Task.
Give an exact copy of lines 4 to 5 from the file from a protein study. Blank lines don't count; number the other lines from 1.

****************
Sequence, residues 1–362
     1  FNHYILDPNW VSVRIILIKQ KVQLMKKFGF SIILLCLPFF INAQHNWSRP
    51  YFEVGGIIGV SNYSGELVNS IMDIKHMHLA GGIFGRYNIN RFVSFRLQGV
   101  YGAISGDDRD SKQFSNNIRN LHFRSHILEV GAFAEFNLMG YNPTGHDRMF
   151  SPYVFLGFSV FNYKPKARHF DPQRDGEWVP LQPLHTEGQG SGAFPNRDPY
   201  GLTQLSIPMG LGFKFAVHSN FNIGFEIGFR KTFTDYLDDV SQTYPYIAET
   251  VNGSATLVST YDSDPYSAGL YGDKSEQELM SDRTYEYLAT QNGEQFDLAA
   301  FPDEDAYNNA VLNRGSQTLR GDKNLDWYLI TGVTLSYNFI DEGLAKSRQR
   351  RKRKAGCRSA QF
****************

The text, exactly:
   101  YGAISGDDRD SKQFSNNIRN LHFRSHILEV GAFAEFNLMG YNPTGHDRMF
   151  SPYVFLGFSV FNYKPKARHF DPQRDGEWVP LQPLHTEGQG SGAFPNRDPY